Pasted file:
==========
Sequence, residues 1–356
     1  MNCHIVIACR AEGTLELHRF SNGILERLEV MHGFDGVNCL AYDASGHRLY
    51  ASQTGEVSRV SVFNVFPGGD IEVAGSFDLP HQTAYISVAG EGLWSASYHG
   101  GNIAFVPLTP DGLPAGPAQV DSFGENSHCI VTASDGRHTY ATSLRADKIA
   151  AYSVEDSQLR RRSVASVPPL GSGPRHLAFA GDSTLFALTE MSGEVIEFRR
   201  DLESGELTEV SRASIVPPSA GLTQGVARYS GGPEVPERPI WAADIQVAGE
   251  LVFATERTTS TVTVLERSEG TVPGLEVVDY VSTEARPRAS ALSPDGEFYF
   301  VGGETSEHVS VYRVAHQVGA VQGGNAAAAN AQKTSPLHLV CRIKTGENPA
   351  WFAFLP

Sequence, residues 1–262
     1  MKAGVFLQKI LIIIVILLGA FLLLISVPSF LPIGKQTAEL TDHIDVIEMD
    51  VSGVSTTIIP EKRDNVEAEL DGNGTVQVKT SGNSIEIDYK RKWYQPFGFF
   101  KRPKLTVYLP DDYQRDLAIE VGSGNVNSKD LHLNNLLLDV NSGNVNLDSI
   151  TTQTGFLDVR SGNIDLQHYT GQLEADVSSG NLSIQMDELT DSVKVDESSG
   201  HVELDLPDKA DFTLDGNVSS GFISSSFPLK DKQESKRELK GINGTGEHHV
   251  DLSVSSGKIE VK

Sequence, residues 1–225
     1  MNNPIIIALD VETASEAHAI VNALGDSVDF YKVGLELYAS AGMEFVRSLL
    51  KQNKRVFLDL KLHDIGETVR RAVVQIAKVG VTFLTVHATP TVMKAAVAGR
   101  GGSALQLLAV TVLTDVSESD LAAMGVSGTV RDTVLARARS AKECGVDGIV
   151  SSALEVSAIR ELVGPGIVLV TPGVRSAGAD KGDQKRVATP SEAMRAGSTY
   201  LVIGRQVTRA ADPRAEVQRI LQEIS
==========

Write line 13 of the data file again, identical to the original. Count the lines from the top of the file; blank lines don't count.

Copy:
   101  KRPKLTVYLP DDYQRDLAIE VGSGNVNSKD LHLNNLLLDV NSGNVNLDSI